The Maine ballot measure would “treat [the companies’] political speech as criminal conduct, the violation of which constitutes a felony and carries with it the prospect of incarceration,” the complaint said. “In so doing, the Initiative strikes at the heart of the protections afforded to free expression and political speech guaranteed by the United States Constitution and the Maine Constitution.” Lawyers representing the plaintiffs did not respond to interview requests.

In Minnesota, lawmakers passed a broader ban on foreign money in ballot measures that extends to types of foreign ownership beyond what Maine considered. The Minnesota Chamber of Commerce filed a lawsuit in response, arguing the ban would have the consequence of chilling free speech. The bureaucratic load would be too big, the Minnesota Chamber of Commerce argued, because a business would have to assess its stockholders “every time it makes an independent expenditure” to ensure they don’t exceed the threshold for foreign ownership.

Judges have sided with business interests in the early stages of both cases by issuing injunctions to temporarily block the new laws from going into effect. In Maine, U.S. District Judge Nancy Torresen drew a line over the new law’s requirement that companies that are more than 5% owned by an entity that is majority-owned or controlled by a foreign government.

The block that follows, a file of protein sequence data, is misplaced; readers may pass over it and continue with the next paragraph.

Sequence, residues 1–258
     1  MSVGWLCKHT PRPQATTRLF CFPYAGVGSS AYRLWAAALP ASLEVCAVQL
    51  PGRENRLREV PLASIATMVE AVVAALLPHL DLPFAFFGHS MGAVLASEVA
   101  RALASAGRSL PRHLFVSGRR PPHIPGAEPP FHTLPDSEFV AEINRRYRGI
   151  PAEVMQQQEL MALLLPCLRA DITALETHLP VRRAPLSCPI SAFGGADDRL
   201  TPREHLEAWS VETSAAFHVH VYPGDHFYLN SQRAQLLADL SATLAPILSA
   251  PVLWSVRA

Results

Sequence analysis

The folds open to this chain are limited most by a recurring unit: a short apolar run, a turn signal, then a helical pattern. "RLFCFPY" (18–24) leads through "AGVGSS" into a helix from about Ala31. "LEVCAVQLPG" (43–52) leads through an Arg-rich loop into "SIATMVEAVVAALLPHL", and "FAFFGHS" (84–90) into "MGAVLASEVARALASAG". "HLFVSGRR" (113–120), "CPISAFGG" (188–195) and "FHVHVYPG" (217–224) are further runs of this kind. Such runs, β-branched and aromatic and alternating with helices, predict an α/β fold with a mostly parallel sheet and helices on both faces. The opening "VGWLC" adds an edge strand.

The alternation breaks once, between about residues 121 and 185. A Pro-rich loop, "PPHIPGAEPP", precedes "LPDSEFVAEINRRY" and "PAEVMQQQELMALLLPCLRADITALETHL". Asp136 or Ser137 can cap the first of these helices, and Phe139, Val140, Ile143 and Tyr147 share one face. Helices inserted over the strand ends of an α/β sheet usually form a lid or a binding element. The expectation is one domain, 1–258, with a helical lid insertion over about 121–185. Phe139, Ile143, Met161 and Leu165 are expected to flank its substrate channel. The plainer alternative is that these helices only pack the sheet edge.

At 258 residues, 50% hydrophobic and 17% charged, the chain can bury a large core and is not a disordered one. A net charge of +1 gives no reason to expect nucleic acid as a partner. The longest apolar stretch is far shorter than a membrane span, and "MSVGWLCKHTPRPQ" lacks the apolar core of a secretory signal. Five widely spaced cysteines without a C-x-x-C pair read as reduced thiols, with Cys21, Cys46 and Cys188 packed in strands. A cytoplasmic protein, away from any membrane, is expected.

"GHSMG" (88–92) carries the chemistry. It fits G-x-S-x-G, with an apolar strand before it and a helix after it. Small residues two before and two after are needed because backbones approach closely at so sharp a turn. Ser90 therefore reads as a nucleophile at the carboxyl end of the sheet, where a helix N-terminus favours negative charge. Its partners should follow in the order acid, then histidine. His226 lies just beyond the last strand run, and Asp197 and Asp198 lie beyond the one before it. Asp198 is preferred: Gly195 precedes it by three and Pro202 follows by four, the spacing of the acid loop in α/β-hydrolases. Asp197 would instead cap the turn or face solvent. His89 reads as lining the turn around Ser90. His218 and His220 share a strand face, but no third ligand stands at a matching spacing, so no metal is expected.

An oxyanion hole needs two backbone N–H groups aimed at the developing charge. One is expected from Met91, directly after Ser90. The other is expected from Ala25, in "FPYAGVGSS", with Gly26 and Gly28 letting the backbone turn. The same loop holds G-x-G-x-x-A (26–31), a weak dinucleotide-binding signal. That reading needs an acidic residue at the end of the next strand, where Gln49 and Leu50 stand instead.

“The 5% threshold would deprive the United States citizen shareholders — potentially as much as 95% of an entity’s shareholders — of their First Amendment right to engage in campaign spending,” Torresen wrote in a March decision. “Simply put, it would be overinclusive.”

The lawsuits in Maine and Minnesota reflect how difficult it has been for policymakers to root foreign money out of elections. Proponents of the foreign money bans — which have been overwhelmingly popular with voters — say it’s imperative to tighten up on foreign money that’s being spent to sway U.S. politics.

“So many states have regular referendums that are more or less open to foreign money,” said Tara Malloy, a litigator at the nonprofit Campaign Legal Center, which is representing defendants in Maine. “It’s where the rubber hits the road in terms of foreign influence on U.S. elections.”

Though the possibility of Russia or China committing election interference has been a cause for concern during the last two presidential elections, the reality is there are still a number of ways, illegal and legal, that foreigners can make an impact.

It is illegal for a foreign national to donate to a U.S. political campaign, for example, but legal to donate to so-called “dark money” groups that do not disclose their donors and spend hundreds of millions of dollars each election cycle. And dark money groups regularly pass money to campaigns, making it difficult to track where foreign donations wind up.

Even the FEC has said it has limited resources to investigate potential foreign donors to candidates; a 2021 Office of Inspector General report found the agency’s current practices pose “a national security risk” and provide “insufficient oversight of possible illegal foreign donations,” a report later published by the OIG said.

“Identifying and regulating unlawful foreign campaign expenses,” OIG said, “continues to pose a significant challenge.”


Maggie Severns is a reporter at NOTUS.